Trickbot is a persistent cyber weapon that uses a variety of holes in Windows programs such as Microsoft Office and Outlook to infiltrate Windows computer networks and spread malware from computer to computer. Trickbot these days is typically a secondary infection or second wave which comes after a computer has been infected with Emotet. In fact, these days, it can be hard to tell where Emotet stops and Trickbot starts as they both use very similar tools. The biggest difference between them is that Trickbot now comes with Eternal Blue and other NSA hacking tools to help it spread across a network from computer to computer. Once silently downloaded from the Command and Control server, Trickbot moves laterally through the Windows computer network, often using the Microsoft Outlook Email Manager to gain passwords and take control over the entire network. Due to the way Trickbot uses the NSA Eternal Blue vulnerability to spread through a company’s network, any infected machine on the network will re-infect machines that have been previously cleaned when they rejoin the network.
Trickbot was first noticed in October 2016. However, an earlier version of Trickbot, called Drye (also known as Dyreza), was in existence two year earlier, in June 2014. Drye in turn evolved from Zues which infected nearly 4 million computers in the US in 2009 – using many of the same fake email and download techniques used by Drye, Emotet and Trickbot.
Like many other NSA-based cyber weapons, Trickbot uses SSL to communicate with remote Command and Control servers allowing the hackers to load additional malware onto the Windows computer networks. My prior analysis of the IP addresses of these Command and Control servers confirmed that the vast majority of these servers are located in the United States. This indicates that the hackers are also located in the US.
Because Trickbot actively communicates with Command and Control servers over time, Trickbot is not an isolated weapon in a single attack. Rather, Trickbot is simply the second phase in a process of information gathering and password stealing that over a period of months allowed hackers to gain control over a victim’s computer network.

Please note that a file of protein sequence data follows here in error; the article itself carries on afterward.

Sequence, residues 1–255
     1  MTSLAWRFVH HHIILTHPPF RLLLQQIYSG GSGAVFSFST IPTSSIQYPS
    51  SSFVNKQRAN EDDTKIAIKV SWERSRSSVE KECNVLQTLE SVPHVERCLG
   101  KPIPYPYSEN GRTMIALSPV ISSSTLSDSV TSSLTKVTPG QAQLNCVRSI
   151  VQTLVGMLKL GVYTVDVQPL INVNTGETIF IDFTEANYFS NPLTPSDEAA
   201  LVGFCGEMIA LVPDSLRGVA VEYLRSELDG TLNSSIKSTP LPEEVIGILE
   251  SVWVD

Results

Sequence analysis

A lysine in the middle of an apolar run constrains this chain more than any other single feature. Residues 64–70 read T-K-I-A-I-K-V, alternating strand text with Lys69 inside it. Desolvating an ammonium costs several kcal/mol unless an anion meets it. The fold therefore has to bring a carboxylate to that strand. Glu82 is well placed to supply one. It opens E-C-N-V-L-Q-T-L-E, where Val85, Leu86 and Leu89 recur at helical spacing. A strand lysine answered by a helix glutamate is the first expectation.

Because Trickbot is able to move laterally, it can quickly turn one infected computer into a thousand infected computers. https://www.forbes.com/sites/daveywinder/2019/07/31/windows-10-warning-250m-account-takeover-trojan-disables-windows-defender/#70de1e886fef
Trickbot is particularly fond of Windows 10 computers. Here is a quote from a July 31, 2019 Forbes article: “Trickbot is not a new threat, but it is an evolving one. The latest twist of the banking Trojan knife as far as Windows 10 users are concerned is the addition of new methods to not only evade but actually disable Windows Defender security protection…
A study on the relationship between Emotet and Trickbot found that it only took 20 minutes from the time Emotet inficted a computer to the time Trickbot was downloaded to the computer. https://unit42.paloaltonetworks.com/unit42-malware-team-malspam-pushing-emotet-trickbot/
We will review how Trickbot spreads from computer to computer in a later section of this report.